Friday, April 9, 2010

Plants I'm Growing--First Blooms: Cistus "Sunset," Rose "Nearly Wild," Rose "Livin' Easy," Echium Vulgare

At this time of year, keeping up with the garden begins to get difficult. Every day brings new flowers. Today the first blooms of 2010 came on the rock rose (Cistus) called "Sunset," on two roses--"Nearly Wild" and "Easy Livin," on Echium vulgare, and on one plant that I can't identify any more. "Sunset" is pictured above, Echium vulgare below.

Echiums are generally very tall plants with spikes of tiny flowers sometimes as much as 20 feet high. They are native to places like the island of Madeira. You've probably seen them on the coast if you live in California or visit here--at places like Bodega Bay and Mendocino. They have common names like "Tower of Jewels."

Vulgare is the smallest and least showy of the Echiums I know, but it's pretty nevertheless. The flowers bloom in loose spikes (the photo here shows only a single small blossom). They start out clear blue and fade to a washed-out violet pink. The plant is only about 18 inches tall. It's strong (tolerating neglect), but it tends to look a bit ratty late in the season. Still, it's a nice addition to the spring color parade.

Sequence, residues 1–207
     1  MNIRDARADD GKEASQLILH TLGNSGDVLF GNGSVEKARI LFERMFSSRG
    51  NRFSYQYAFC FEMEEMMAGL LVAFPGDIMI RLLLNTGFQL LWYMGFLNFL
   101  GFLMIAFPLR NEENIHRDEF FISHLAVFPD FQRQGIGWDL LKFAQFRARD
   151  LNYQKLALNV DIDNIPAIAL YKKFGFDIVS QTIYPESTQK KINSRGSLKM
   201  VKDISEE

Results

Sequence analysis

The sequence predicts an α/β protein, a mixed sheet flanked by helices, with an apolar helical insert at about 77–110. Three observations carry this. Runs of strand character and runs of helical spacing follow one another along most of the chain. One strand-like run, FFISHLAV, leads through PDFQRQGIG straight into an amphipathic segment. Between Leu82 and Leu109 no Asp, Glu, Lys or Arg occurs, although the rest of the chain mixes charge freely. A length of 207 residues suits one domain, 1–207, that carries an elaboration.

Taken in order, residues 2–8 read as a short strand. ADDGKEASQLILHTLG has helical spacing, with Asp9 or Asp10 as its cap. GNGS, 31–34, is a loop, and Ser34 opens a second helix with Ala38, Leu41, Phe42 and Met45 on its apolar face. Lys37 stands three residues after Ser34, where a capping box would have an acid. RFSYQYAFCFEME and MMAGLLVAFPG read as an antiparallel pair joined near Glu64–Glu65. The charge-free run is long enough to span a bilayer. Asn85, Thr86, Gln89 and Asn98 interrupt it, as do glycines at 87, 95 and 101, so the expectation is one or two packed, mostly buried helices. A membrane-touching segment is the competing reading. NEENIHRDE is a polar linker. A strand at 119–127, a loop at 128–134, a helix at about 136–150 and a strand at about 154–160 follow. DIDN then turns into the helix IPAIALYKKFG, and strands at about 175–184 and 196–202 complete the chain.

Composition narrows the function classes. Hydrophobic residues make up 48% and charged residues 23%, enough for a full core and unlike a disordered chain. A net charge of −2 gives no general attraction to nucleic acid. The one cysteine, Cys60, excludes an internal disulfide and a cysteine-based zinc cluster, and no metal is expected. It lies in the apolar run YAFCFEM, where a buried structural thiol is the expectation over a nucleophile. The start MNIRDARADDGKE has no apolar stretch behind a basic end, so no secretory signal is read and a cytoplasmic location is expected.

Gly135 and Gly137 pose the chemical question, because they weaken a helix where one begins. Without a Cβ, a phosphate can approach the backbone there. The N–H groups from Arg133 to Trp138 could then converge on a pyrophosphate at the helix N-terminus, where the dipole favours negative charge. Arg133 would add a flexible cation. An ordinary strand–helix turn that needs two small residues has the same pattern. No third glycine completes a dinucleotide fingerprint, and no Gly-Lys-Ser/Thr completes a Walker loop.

Like many of the Echiums, it will reseed itself if you let the flowers go. There are about 8 Echium boissieri plants around the garden this year--none of which I planted. The original, single plant was put in about four years ago. It's long gone, but its descendants continue to thrive. The Echium vulgare is a volunteer, too, from a single plant I put in several years ago. Two or three Echium wildpretii are set to bloom this year as well. A few of the Echiums are perennials. Most are biennials (producing a rosette of low leaves the first year, a tall flower spike the second year and then dying). Echium vulgare is an annual.

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